Microbiome and Obesity
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Dr. Marialena Mouzaki , MD, FRCPC
University of Toronto
Dr. Mouzaki is a Staff Gastroenterologist in the Division of Pediatric Gastroenterology, Hepatology and Nutrition at the Hospital for Sick Children. She is the Director of Clinical Nutrition at SickKids and an Assistant Professor at the University of Toronto. Dr. Mouzaki received her MD from the National and Kapodistrian Medical School of Athens, Greece and then went on to do her Residency Training in General Pediatrics at Penn State Milton S. Hershey Medical Center in Pennsylvania. She completed her Fellowship Training in Pediatric Gastroenterology, Hepatology and Nutrition at SickKids and obtained a Masters in Science from the Institute of Medical Sciences at the University of Toronto.
Obesity is associated with dysbiosis and small intestinal bacterial overgrowth is common in overweight adults. Fecal transplantation experiments have underscored the critical role of intestinal microbiota in the development of obesity and its comorbidities, such as type 2 diabetes mellitus, hypertension, dyslipidemia and non-alcoholic fatty liver disease. Microbiota can contribute to obesity and metabolic dysregulation through direct involvement in appetite signaling, host gene expression, determination of calorie extraction from the diet, and regulation of insulin sensitivity. In addition, through effects on the intestinal barrier and cross-talk with the immune system, bacteria can contribute to inflammation, which can in turn exacerbate the metabolic dysregulation seen with obesity. All the interventions currently known to ameliorate the severity of obesity, such as lifestyle changes and bariatric surgery are associated with changes in intestinal microbiota composition. Targeting the gut microbiota may act as an adjunct to the management of obesity and its comorbidities.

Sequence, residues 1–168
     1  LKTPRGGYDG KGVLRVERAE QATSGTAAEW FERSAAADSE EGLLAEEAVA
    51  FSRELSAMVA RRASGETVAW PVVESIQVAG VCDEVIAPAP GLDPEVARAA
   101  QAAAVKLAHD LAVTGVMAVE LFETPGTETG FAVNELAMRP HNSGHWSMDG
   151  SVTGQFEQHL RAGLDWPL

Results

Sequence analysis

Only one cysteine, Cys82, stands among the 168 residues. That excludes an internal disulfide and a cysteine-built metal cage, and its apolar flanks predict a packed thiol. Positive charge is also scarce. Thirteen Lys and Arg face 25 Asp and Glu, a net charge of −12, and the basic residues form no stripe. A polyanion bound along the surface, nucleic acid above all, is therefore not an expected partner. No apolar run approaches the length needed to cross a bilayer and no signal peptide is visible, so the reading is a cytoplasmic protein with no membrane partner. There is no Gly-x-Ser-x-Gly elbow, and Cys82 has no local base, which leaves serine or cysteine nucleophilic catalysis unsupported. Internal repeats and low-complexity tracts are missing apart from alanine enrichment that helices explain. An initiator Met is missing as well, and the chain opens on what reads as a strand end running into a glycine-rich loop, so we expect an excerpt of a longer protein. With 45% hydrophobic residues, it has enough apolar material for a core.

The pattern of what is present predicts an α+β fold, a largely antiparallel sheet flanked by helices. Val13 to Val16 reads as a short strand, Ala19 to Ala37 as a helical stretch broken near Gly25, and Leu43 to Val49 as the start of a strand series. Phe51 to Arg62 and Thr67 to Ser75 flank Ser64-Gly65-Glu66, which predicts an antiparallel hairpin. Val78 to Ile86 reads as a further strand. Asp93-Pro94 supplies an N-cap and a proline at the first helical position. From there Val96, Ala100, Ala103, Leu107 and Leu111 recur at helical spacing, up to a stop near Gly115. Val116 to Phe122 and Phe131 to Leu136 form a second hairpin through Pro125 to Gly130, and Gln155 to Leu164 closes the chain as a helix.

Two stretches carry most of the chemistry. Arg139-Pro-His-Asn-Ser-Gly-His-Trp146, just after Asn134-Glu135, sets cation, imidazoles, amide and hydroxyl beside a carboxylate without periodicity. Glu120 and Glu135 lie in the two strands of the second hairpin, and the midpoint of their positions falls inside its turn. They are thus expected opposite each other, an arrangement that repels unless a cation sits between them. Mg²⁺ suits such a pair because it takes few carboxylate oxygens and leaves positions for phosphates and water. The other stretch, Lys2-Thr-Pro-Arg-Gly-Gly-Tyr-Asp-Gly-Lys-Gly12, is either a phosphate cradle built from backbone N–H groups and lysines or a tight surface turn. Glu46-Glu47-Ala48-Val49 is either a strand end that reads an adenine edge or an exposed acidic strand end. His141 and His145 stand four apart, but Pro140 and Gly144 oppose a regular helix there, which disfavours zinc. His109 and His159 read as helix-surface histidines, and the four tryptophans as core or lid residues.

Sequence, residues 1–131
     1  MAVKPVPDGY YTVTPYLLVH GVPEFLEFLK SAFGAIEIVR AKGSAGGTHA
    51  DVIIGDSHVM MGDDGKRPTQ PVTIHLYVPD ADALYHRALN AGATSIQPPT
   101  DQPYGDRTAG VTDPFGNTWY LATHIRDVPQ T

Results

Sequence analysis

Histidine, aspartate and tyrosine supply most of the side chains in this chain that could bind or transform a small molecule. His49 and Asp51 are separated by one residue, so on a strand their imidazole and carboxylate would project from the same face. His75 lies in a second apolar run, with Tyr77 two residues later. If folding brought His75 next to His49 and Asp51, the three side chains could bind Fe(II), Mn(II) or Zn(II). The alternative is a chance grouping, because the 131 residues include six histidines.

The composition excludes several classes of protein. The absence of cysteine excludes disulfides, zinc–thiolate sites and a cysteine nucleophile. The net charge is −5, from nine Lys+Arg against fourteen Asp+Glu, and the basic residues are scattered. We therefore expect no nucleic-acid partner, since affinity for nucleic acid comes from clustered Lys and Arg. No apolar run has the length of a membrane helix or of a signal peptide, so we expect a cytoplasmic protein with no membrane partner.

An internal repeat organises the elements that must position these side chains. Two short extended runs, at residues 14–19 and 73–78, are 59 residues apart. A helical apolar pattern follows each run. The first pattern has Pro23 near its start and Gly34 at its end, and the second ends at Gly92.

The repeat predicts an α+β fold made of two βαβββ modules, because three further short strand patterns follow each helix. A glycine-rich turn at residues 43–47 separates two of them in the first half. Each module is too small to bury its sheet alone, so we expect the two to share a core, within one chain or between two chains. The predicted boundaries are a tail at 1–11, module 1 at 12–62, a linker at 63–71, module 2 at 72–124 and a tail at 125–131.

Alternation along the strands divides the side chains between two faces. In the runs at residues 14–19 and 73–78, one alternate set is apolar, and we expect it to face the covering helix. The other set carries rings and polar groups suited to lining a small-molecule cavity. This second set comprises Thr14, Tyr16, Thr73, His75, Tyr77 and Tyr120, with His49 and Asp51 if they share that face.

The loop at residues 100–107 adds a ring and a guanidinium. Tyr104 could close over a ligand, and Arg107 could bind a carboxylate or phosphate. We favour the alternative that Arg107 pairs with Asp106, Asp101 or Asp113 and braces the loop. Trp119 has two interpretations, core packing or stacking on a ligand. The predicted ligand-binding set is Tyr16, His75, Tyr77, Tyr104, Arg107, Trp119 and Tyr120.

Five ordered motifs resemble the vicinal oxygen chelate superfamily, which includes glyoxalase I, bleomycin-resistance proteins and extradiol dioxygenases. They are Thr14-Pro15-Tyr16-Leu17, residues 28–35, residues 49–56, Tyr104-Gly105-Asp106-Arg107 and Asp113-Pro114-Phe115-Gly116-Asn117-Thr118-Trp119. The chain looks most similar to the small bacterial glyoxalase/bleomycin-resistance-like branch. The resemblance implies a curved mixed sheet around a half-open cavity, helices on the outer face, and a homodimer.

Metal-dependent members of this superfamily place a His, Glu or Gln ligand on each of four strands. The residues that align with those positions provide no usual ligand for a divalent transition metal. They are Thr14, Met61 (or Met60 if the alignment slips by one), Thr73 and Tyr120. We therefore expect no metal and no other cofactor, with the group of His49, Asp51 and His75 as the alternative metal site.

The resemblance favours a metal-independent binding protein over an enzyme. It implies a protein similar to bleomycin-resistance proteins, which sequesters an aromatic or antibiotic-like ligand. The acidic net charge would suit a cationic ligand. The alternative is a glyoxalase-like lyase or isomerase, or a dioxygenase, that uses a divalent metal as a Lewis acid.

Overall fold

***Original Source: "2017 Thematic Conference", Saturday, January 14, 2017
Last Updated: February 2, 2017
|Microbiome and Obesity